Linux Commands

Linux cp Command Examples

While working on a Linux system, copying files and directories is an important task that is performed daily. All users need simple and easy utility through which they can copy all their files and directories. For this purpose, the most common cp command-line utility is used on UNIX and Linux systems.

We will explain the cp command with some examples in this article.

Basic Syntax of cp command

To use the cp command, follow the syntax, which is given below:

$ cp [flags] [source-file] [destination-file]

The source file can contain more than one file and directories in the above syntax, and the destination file can only be a single file or a directory.

Important Note: The user should have read permission on a source file while copying files and directories, and the user must have write permission on the destination file or directory. Otherwise, an error of ‘permission denied’ will display.

Use of cp command

There are the following uses of the ‘cp command’ that we will now explain with some examples:

Copy file into the current working directory

To copy a file into the current directory, execute the following command on the terminal:


For example, by running the below-mentioned command to you can copy a test_file.txt to the backup_file.txt:

$ cp test_file.txt backup_file.txt

Copy file into another directory

To copy the file into another directory, define an absolute or relative directory path of the destination.


For example, to copy test_file.txt to the /lookup directory, use the following command:

$ cp test_file.txt /lookup

In the above command, the file is copied with the same original file name. If you want to copy the file with a different name, then use the below-mentioned command:

$ cp test_file.txt /lookup/newtest_file.txt

The above command will copy the file with a new name ‘newtest_file.txt’ into the specified destination.

Copy directories into another directory

Using the option ‘-R’ or ‘-r’, you can copy all files, including sub-directories, into another directory.


In the following example, we are coping personal_directory into the official_directory:

$ cp -R personal_directory official_directory

If you want to copy only files and all subdirectories rather than the source directory, use the following command with option ‘-RT’:

$ cp -RT personal_directory official_directory

The above command will copy the directory’s content, including all hidden files instead of the directory itself.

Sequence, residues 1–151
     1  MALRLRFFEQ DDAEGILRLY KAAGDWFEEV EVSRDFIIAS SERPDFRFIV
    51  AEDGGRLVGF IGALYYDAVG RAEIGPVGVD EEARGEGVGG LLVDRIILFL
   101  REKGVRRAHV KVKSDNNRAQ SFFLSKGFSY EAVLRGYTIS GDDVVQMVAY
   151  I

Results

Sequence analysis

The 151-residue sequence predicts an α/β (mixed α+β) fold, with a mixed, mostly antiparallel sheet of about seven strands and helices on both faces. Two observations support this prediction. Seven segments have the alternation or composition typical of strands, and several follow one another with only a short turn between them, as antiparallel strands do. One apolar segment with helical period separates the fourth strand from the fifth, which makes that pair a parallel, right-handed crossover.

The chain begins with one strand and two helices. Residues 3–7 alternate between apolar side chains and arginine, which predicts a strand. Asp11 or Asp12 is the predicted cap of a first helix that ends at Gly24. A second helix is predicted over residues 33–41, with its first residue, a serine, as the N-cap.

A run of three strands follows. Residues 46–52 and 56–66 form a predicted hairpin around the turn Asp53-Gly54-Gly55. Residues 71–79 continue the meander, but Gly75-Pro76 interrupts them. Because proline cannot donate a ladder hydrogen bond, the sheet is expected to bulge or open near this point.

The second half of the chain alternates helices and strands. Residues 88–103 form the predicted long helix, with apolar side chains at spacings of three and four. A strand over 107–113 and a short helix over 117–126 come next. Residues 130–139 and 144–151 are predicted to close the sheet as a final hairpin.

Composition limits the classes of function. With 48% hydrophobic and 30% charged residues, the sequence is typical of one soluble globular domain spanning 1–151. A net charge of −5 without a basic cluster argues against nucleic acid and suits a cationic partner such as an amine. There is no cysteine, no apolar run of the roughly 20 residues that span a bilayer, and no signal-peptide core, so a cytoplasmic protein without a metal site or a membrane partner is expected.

Copy multiple files in different directories

Using the following command, you can copy multiple files into different directories:

$ cp test_file.txt personal_directory test_file1.txt official_directory

Linux cp command with options

The following options you can use with the cp command to copy a file differently:

If the destination file exists, then the file will be overwritten by default. Using the ‘-n’ flag with the cp command tells us not to overwrite an already existing file.

Use the option ‘i’ to generate the prompt for confirmation forcefully.

$ cp -i test_file.txt test_file1.txt

If you only want to copy a file on the destination, if it doesn’t already exist then, use the following command with option ‘-u’:

$ cp -u test_file.txt test_file1.txt

To preserve the ownership and timestamps of a file, use the following command with option ‘-v’:

$ cp -u test_file.txt test_file1.txt


We have explained the cp command by using the different examples in this article. Moreover, we also explained how to use different options with the cp command to get the desired results. Hence, using the above all options with the cp command, you copy files and directories on different locations into your Linux system. I am sure now you have good knowledge about the cp command and its usage.

About the author

Karim Buzdar

Karim Buzdar holds a degree in telecommunication engineering and holds several sysadmin certifications. As an IT engineer and technical author, he writes for various web sites. He blogs at LinuxWays.